Judges without presidential appointment lodge new constitutional complaints
Four judges who had not been appointed to office in 2007 made another complaints to the Constitutional Tribunal. The complainants are represented by advocates Marcin Ciemiński, Clifford Chance and Agnieszka Wardak, Salans, and legal counsellor Patrick Radzimierski, Salans, all acting pro bono.
The case concerns events that took place between 2005 and 2008. In this period five judges and five assistant judges (asesorzy sądowi) obtained the approval for the appointment to the judicial office from the National Council of the Judiciary of Poland. Pursuant to Article 55 (1) of the Courts Act judges of common courts are appointed to judicial offices by the President upon the motion of the National Council of the Judiciary.
However, the claimants were denied the appointment by the President of Poland. The case was subsequently reviewed by the Provincial Administrative Court, which dismissed the complaints for the President’s inaction. The court declared itself not competent to rule in the case because in making judicial appointments the President did not act as a public administration body.
Proceedings before the Supreme Administrative Court were suspended following the lodging of complaints to the Constitutional Tribunal. The judges argued that Article 55 (1) of the Courts Act did not conform to, for example, the principle of a democratic state ruled by law and the right of equal access to public service.
Four years passed before the Constitutional Tribunal, sitting en banc, decided to discontinue the proceedings. In the reasons for its decision, the Tribunal pointed out that, in essence, the constitutional complaints centred around the practice of applying constitutional provisions by the President of Poland, and this type of complaint could not be the subject of the constitutional review. In addition, the CT noted that the complainants did not exhaust all available legal avenues as their cases had not been finally resolved by the Supreme Administrative Court.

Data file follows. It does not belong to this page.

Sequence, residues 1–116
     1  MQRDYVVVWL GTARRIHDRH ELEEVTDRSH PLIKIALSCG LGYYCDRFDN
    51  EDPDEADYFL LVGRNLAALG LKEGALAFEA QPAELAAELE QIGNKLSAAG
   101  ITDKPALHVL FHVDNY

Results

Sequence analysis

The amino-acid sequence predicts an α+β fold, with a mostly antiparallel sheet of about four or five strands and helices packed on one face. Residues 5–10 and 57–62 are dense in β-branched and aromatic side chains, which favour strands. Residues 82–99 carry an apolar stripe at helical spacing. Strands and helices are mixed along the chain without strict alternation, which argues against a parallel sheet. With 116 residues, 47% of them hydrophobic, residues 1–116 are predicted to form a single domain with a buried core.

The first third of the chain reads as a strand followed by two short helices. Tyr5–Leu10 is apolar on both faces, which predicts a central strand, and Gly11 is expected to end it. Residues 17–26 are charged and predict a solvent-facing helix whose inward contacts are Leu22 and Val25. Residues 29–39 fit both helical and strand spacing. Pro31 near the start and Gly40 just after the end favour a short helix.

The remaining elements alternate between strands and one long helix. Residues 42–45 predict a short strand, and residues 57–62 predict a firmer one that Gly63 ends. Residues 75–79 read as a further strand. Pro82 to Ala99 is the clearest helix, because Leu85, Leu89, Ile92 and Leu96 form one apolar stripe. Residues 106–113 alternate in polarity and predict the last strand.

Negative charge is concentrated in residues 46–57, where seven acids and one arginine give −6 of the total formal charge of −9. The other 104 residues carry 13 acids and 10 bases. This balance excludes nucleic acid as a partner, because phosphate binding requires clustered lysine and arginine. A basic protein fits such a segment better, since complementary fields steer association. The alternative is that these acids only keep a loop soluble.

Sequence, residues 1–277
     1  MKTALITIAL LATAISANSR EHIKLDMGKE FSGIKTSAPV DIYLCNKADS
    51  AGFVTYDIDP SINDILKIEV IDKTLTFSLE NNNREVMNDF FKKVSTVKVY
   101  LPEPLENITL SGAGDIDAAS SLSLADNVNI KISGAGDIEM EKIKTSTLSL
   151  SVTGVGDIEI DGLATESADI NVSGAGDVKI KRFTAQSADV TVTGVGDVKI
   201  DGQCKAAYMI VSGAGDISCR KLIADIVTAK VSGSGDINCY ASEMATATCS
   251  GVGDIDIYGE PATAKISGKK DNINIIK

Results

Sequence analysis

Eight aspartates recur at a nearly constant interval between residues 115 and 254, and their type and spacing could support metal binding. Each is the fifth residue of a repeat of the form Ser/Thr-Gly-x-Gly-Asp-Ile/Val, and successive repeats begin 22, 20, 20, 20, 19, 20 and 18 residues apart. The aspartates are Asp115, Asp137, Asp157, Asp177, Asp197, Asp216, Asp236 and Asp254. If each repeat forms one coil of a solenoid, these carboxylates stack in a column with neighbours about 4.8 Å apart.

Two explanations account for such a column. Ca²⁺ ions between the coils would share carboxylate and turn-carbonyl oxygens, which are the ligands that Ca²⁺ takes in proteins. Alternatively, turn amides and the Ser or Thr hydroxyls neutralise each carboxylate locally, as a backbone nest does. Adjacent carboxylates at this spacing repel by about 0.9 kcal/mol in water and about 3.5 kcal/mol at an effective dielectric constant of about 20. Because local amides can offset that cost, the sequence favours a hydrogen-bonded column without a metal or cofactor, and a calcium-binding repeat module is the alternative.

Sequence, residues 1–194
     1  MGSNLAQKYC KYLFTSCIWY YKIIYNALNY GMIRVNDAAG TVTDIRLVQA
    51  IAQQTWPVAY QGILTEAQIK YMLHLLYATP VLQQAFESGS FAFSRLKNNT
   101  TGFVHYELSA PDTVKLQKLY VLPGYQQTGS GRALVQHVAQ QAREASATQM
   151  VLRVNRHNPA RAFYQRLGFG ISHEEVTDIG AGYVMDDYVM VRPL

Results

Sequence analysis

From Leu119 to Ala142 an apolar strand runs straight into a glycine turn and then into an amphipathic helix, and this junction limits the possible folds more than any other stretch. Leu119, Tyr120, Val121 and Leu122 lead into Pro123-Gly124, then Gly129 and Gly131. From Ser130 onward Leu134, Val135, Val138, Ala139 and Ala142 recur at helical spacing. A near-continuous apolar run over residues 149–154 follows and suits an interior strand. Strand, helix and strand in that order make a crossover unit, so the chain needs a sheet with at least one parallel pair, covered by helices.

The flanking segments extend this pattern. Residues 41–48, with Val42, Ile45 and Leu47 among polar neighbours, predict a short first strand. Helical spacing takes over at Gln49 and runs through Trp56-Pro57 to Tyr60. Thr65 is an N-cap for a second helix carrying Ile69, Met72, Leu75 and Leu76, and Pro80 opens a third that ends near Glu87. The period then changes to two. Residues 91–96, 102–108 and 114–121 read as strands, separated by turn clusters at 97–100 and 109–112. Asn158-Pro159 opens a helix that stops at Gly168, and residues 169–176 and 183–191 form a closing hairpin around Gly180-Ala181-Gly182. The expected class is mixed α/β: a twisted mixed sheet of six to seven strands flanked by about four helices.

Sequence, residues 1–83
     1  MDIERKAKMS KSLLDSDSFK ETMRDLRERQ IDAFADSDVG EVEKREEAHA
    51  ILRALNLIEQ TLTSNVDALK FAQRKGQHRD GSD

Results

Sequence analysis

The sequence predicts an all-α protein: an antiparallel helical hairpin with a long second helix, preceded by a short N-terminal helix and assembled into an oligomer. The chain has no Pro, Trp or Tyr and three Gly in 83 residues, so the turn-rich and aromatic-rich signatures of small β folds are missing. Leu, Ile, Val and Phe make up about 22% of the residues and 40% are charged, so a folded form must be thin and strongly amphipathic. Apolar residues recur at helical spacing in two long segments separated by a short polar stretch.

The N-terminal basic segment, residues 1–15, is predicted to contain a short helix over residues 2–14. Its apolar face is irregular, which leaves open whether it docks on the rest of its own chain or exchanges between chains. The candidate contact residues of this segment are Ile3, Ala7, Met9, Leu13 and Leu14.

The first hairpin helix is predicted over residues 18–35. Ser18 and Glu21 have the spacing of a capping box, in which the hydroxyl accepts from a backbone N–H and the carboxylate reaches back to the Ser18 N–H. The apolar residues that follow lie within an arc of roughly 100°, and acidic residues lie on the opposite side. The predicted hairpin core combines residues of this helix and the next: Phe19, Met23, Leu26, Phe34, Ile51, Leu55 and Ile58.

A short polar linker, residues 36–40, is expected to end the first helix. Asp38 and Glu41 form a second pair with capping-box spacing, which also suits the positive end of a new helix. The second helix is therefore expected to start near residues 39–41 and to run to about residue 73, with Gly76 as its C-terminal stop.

Eventually, in October 2012 the Supreme Administrative Court dismissed the cassation complaints. The SAC highlighted, among other things, that it may be concluded, based on a statutory role of the President, that the appointment of judicial officials did not fall within the exercise of President’s administrative duties.
In response to the above decision, in February 2013 four judges refused appointment once again submitted their complaints with the Constitutional Tribunal. The complainants argued the unconstitutionality of art. 55 (1) of the Courts Act insofar as it failed to compel the President to substantiate his refusal to appoint a judge and provided no judicial remedy against the decision.
The complainants argued that the cited article did not comply with a number of Constitutional provisions. For instance, they referred to article 179 of the Constitution contending that Polish law waives the President’s right of refusal in the event where a judicial candidate obtained an approval of the National Council of Judiciary. They also argued that the absence of appeal procedure against Presidential decisions violated the constitutionally guaranteed right to a court.
Another point made in the complaints concerned the violation of the principle of cooperation between the branches of government as well as the President’s failure to submit arguments against the appointment of the candidates already at the stage of their applications being reviewed by the National Council of Judiciary.